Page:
Is Brazil a safe place to watch World Cup soccer?
SAO PAULO (AP) — With disturbing images of fans hitting each other shown across Brazil, soccer’s governing body downplayed the risk of violence inside stadiums during the World Cup.
FIFA condemned the mayhem in the southern city of Joinville, where fan fighting halted a decisive Brazilian league match for more than an hour Sunday. Four people were hospitalized, including one person who was airlifted from the field.
“This is very sad for Brazilian football,” FIFA said in a statement to The Associated Press on Monday. “FIFA and the local organizing committee condemn any form of violence and such incidents should not happen in any football stadium.”
The violence came only two days after FIFA held the draw for the 2014 World Cup with an extravagant ceremony in a resort in northeastern Brazil.
Hundreds of fans from Atletico Paranaense and Vasco da Gama charged each other in Joinville, throwing kicks and punches while armed with sticks and metal bars. The fighting forced the referee to stop the match about 17 minutes into the first half.
Security in Joinville was handled by private guards instead of police, similar to what is planned for the World Cup. Only stewards are in charge of fan safety inside stadiums during FIFA events, with authorities usually in charge of security outside the venues.
Sunday’s fighting stopped only after police arrived, firing rubber bullets to disperse the crowd.
FIFA said it could not comment on what happened in Joinville because it was not involved in the match, but noted it is confident with its World Cup security plans.
“For the 2014 FIFA World Cup a very comprehensive security concept is in place in an integrated operation between private and public security authorities to ensure the safety for fans, players and any other stakeholder involved in the event,” the governing body said “The concept has worked very well during the FIFA Confederations Cup and is built on models used at previous FIFA World Cups.”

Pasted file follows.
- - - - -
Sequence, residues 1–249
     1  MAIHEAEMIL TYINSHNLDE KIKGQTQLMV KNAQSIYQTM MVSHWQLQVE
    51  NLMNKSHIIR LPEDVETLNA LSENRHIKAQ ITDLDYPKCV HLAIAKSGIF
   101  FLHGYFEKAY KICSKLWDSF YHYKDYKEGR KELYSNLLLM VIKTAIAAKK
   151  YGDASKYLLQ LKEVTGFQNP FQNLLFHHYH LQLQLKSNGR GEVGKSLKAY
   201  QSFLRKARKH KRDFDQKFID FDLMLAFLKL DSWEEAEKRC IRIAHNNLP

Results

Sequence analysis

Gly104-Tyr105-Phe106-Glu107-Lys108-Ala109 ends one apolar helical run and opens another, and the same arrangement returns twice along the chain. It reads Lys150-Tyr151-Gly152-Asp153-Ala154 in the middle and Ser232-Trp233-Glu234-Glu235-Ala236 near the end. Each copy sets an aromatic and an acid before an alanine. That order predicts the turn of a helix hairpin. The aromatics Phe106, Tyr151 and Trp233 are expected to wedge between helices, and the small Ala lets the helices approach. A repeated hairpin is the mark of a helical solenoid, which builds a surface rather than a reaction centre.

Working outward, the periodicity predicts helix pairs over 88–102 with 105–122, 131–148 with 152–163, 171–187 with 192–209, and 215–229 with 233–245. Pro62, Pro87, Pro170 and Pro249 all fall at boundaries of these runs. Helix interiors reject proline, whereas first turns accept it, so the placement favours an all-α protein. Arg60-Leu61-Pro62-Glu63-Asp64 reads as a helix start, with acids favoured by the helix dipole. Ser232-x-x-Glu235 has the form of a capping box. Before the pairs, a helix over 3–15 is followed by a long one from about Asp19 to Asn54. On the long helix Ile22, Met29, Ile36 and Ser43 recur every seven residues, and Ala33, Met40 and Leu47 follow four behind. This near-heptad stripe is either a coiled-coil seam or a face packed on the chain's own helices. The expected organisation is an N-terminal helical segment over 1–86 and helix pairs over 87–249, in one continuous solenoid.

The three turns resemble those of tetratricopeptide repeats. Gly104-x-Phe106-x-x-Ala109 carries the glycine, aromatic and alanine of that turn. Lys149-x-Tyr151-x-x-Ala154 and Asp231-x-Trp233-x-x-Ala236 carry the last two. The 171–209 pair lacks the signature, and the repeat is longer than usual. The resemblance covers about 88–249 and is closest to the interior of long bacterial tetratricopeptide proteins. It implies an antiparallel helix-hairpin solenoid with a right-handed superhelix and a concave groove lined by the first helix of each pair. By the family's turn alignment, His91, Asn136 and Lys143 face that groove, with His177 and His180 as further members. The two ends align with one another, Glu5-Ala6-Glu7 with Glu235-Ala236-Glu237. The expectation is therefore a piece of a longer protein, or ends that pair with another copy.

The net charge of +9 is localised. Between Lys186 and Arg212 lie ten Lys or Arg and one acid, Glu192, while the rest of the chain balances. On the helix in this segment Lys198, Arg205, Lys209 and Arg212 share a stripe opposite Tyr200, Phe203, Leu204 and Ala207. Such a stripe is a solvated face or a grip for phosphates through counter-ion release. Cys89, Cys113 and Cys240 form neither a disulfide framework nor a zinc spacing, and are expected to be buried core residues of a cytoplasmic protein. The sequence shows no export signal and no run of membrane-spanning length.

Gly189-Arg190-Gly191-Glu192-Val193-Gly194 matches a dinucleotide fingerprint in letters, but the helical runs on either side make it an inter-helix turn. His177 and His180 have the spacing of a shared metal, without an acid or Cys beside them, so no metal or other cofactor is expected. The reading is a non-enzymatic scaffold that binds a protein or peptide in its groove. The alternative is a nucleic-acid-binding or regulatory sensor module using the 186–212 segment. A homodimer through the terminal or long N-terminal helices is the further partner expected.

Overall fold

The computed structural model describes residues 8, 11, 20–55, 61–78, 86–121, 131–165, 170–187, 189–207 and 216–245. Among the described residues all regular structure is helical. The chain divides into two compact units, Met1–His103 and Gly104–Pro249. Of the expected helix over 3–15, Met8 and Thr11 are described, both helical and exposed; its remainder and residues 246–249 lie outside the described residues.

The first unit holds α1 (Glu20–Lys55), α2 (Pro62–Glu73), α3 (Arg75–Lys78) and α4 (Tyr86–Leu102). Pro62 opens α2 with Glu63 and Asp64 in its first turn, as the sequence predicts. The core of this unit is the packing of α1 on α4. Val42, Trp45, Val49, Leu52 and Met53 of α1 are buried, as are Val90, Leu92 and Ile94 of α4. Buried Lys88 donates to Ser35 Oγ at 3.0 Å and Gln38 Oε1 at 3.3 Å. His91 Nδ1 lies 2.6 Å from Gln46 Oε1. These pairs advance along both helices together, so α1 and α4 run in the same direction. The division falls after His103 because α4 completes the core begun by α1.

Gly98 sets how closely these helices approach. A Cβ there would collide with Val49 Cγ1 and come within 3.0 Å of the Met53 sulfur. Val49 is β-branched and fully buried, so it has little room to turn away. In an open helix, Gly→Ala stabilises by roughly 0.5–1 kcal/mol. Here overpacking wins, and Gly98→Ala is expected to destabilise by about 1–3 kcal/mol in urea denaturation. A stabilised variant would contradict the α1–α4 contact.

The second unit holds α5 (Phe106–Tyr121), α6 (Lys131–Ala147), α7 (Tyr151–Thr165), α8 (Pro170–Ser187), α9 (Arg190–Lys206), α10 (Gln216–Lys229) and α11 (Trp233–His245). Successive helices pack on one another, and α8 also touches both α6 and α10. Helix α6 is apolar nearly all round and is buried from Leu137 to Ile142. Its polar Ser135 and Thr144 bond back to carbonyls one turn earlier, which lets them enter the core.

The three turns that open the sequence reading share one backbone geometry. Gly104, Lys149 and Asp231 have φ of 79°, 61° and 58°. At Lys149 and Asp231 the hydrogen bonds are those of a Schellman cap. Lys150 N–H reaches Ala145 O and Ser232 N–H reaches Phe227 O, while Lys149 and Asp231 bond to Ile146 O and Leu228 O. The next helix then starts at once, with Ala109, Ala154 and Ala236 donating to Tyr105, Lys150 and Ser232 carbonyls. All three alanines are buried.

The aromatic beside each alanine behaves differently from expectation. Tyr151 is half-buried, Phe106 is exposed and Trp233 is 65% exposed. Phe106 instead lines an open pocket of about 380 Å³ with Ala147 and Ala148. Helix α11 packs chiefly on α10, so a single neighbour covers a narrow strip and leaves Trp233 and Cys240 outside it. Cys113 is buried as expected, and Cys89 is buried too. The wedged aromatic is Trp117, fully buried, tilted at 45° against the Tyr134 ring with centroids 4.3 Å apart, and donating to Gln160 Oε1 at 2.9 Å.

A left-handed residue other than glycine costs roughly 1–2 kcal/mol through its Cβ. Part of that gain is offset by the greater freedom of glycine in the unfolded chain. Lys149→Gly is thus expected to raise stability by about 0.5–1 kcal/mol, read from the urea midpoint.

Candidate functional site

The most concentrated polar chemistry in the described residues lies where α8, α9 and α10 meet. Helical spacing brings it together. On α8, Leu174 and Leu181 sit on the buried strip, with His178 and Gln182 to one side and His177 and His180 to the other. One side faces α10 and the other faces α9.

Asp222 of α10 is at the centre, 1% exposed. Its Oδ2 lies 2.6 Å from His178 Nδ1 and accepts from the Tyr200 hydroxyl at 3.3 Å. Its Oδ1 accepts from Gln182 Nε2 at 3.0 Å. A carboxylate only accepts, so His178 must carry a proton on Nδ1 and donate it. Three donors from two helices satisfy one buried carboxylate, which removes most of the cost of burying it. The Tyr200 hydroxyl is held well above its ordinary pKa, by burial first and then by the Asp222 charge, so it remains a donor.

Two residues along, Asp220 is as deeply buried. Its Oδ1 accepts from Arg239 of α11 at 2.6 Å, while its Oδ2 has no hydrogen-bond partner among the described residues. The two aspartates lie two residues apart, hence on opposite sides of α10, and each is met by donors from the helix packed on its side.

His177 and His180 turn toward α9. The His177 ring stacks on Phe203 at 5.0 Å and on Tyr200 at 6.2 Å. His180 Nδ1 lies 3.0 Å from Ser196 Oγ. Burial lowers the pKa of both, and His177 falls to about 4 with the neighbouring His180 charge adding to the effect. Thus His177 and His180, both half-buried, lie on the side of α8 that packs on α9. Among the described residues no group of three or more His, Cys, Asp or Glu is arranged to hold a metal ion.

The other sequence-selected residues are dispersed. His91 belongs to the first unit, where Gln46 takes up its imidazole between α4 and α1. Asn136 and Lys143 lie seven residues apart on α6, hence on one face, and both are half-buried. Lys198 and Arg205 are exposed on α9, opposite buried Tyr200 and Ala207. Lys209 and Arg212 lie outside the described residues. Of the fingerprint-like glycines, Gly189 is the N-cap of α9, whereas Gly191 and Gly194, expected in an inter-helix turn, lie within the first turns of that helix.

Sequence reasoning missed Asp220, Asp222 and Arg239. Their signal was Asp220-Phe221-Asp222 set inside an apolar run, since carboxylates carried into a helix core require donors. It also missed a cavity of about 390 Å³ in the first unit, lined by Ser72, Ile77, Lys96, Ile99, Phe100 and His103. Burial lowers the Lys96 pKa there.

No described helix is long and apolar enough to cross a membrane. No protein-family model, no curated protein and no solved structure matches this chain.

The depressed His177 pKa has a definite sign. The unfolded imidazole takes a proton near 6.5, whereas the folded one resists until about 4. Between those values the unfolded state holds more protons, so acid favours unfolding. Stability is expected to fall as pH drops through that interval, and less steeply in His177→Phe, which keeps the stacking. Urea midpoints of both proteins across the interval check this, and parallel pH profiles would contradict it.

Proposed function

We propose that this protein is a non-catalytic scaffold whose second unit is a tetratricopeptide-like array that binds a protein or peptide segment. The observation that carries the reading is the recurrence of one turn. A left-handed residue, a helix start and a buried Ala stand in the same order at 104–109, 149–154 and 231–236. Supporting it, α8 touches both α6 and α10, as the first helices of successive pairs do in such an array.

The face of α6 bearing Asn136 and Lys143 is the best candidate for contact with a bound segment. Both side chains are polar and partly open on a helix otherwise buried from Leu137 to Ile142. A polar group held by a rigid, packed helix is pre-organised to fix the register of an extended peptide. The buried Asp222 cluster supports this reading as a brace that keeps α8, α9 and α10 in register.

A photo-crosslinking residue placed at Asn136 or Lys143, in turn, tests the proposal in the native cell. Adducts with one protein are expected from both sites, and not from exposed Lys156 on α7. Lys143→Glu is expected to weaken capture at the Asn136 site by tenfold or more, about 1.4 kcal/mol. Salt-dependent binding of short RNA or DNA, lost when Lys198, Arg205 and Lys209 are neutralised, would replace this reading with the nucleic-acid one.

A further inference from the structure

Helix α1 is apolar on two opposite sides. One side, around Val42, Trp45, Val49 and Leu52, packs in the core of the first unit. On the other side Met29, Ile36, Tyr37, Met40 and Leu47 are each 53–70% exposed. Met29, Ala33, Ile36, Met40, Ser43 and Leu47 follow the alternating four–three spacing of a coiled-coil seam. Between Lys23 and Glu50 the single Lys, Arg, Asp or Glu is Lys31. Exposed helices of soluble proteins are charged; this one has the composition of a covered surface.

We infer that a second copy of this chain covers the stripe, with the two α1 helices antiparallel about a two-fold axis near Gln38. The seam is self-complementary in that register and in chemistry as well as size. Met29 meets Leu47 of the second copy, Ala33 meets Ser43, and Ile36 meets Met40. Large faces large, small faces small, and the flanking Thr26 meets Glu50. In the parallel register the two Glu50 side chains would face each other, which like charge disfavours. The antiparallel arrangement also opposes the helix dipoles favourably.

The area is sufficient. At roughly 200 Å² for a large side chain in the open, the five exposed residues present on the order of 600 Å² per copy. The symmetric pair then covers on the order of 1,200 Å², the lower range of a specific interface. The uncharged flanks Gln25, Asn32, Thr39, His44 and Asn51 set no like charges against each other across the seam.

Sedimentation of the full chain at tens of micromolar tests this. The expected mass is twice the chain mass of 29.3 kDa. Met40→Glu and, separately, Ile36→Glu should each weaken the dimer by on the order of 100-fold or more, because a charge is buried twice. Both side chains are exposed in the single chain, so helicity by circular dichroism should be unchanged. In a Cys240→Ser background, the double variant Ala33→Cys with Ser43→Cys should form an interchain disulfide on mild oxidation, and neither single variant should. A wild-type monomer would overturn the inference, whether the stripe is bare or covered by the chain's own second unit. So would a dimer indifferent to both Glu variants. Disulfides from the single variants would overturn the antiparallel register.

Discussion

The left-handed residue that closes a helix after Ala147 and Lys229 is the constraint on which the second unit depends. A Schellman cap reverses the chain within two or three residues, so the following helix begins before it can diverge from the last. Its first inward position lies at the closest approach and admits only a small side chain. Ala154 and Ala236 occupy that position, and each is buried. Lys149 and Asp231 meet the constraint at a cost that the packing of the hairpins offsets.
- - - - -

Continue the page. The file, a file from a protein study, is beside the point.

At the Confederations Cup in June, police and soldiers fired tear gas, rubber bullets and shock grenades at rock-throwing demonstrators. Six died in connection with the violence of that tournament, a warmup for the World Cup.
Most of FIFA’s security concerns for next year’s event have been focused on protests outside the venues, but the recent violence inside Brazilian stadiums is likely to lead to some apprehension. Even though rival fan groups common to club matches are not expected during World Cup games, it was clear Sunday that the nearly 80 security guards separating the factions in Joinville were not in position to contain the violence.
Brazilian President Dilma Rousseff said Monday the sports ministry was involved in the case. She decried the lack of punishment in cases of fan violence in Brazil.
“The country of football cannot live with violence in stadiums anymore,” Rousseff said on Twitter. “We need police in the stadiums.”
Newspapers on Monday showed gruesome images of fans being stepped on, some of them motionless as rival supporters continued to pound them from every side. Some fans pulled away from their groups were attacked by up to 20 rivals. A police helicopter had to land on the field of the Arena Joinville to airlift a man with a serious head injury.
Three of the seriously injured men remained hospitalized Monday, but none of their injuries was life threatening, according to the Hospital Sao Jose. Police said they detained three people Sunday.
The match, which earned Atletico Paranaense a place in next year’s Copa Libertadores and led to Vasco da Gama’s relegation, was played in Joinville instead of Atletico’s base in Curitiba because the club had already been punished for fan violence earlier this year.
Several other cases of fan violence have hit the World Cup host country in recent months, with champion Cruzeiro, Vasco da Gama, Corinthians and Palmeiras all losing home games because of confrontations inside and outside stadiums. Cruzeiro’s title celebrations a few weeks ago had to be canceled because of fan fighting on the streets of Belo Horizonte.
“We need to do something about this or it will never stop,” Atletico Paranaense defender Luiz Alberto said. “This is a World Cup country. Things need to change.”
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